It is a formula which represents the element ratio between the elements and actual number of atoms of each type of elements present per molecule of the compound.
Examples
The molecular formula of benzene is “C6H6″. It indicates that
1. Benzene molecule is composed of two elements carbon and hydrogen.
2. The ratio between carbon and hydrogen is 1:1.
3. The number of atoms present per molecule of benzene are 6 carbon and 6 hydrogen atoms.
The molecular formula of glucose is “C6H12O6″. The formula represents that
1. Glucose molecule is composed of three elements carbon, hydrogen and oxygen.
2. The ratio between the atoms of carbon, hydrogen and oxygen is 1:2:1.
3. The number of atoms present per molecule of glucose are 6 carbon atoms. 12 hydrogen atoms and 6 oxygen atoms.
Determination of Molecular Formula
The molecular formula of a compound is an integral multiple of its empirical formula.
Molecular formula = (Empirical formula)n
Where n is a digit = 1, 2, 3 etc.
Hence the first step in the determination of molecular formula is to calculate its empirical formula by using the procedure as explained in empirical formula. After that the next step is to calculate the value of n
n = Molecular Mass / Empirical Formula Mass
Example
The empirical formula of a compound is CH2O and its molecular mass is 180.
To calculate the molecular formula of the compound first of all we will calculate its empirical formula mass
Empirical formula mass of CH2O = 12 + 1 x 2 + 16
= 30
n = Molecular Mass / Empirical Formula Mass
= 180 / 30
= 6
Molecular formula = (Empirical formula)n
= (CH2O)6
= C6H12O6
Molecular Mass
Definition
The sum of masses of the atoms present in a molecule is called as molecular mass.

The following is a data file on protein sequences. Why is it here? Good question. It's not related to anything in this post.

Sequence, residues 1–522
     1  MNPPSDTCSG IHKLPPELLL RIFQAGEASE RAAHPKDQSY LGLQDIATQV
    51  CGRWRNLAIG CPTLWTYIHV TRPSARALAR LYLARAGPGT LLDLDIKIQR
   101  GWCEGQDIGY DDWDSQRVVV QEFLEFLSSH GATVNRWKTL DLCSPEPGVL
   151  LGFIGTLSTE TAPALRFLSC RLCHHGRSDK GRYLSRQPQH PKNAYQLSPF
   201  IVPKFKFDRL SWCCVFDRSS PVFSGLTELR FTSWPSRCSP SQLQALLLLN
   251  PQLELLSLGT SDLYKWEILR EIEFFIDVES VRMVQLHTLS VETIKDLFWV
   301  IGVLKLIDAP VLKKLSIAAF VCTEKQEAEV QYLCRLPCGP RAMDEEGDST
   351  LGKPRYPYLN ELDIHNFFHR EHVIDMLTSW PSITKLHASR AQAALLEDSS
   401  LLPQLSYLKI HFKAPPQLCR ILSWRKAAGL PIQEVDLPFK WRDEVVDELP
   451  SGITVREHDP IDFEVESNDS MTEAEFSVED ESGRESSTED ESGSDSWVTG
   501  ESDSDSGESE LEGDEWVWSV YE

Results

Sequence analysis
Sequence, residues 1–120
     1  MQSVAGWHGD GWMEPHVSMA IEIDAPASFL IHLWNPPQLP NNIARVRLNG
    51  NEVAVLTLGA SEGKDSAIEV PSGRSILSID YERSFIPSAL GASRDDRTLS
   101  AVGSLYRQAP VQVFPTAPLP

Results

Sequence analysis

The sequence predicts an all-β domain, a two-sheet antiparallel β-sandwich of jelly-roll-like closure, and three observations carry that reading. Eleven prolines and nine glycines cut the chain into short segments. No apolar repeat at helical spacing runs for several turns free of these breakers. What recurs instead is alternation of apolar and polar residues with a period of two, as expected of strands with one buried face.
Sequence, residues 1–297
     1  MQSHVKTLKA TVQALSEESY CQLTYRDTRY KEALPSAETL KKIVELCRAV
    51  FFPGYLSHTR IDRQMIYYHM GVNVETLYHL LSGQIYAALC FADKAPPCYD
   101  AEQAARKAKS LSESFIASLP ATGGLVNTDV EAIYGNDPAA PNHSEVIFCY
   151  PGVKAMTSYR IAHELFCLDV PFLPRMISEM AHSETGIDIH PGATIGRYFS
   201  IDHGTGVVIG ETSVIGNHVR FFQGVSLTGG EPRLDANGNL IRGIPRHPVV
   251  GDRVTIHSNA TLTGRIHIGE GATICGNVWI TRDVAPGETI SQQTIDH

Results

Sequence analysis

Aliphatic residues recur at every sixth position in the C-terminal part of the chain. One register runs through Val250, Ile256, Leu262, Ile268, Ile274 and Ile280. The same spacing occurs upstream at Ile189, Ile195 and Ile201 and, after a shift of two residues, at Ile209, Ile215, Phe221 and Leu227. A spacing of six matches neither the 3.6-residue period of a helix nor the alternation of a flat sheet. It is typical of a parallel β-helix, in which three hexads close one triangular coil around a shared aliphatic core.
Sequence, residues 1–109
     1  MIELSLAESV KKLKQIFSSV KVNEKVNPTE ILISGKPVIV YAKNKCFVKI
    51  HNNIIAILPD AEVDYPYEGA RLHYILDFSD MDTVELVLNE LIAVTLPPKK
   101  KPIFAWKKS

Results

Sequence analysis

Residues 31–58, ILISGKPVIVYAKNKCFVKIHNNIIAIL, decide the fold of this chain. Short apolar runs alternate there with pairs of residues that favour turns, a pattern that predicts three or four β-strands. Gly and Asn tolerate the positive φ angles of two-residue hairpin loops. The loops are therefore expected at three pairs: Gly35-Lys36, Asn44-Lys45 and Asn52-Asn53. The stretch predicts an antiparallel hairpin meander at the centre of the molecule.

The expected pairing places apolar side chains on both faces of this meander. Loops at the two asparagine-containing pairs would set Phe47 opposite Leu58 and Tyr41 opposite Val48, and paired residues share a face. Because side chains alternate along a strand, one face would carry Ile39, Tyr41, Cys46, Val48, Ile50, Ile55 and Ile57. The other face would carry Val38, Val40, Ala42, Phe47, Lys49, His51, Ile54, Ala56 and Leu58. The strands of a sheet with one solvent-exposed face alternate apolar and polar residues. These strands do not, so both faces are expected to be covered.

OR
It is the comparison that how mach a molecule of a substance is heavier than 1/12th weight or mass of carbon atom.
Example
The molecular mass of CO2 may be calculated as
Molecular mass of CO2 = Mass of Carbon + 2 (Mass of Oxygen)
= 12 + 2 x 16
= 44 a.m.u
Molecular mass of H2O = (Mass of Hydrogen) x 2 + Mass of Oxygen
= 1 x 2 + 16
= 18 a.m.u
Molecular mass of HCl = Mass of Hydrogen + Mass of Chlorine
= 1 + 35.5
= 36.5 a.m.u
Gram Molecular Mass
Definition
The molecular mass of a compound expressed in gram is called gram molecular mass or mole.
Examples
1. The molecular mass of H2O is 18. If we take 18 gm H2O then it is called 1 gm molecular mass of H2O or 1 mole of water.
2. The molecular mass of HCl is 36.5. If we take 36.5 gm of HCl then it is called as 1 gm molecular mass of HCl or 1 mole of HCl.
Mole
Definition
It is defined as atomic mass of an element, molecular mass of a compound or formula mass of a substance expressed in grams is called as mole.

OR
The amount of a substance that contains as many number of particles (atoms, molecules or ions) as there are atoms contained in 12 gm of pure carbon.
Examples
1. The atomic mass of hydrogen is one. If we take 1 gm of hydrogen, it is equal to one mole of hydrogen.
2. The atomic mass of Na is 23 if we take 23 gm of Na then it is equal to one mole of Na.
3. The atomic mass of sulphur is 32. When we take 32 gm of sulphur then it is called one mole of sulphur.
From these examples we can say that atomic mass of an element expressed in grams is called mole.
Similarly molecular masses expressed in grams is also known as mole e.g.
The molecular mass of CO2 is 44. If we take 44 gm of CO2 it is called one mole of CO2 or the molecular mass of H2O is 18. If we take 18 gm of H2O it is called one mole of H2O.
When atomic mass of an element expressed in grams it is called gram atom
While
The molecular mass of a compound expressed in grams is called gram molecule.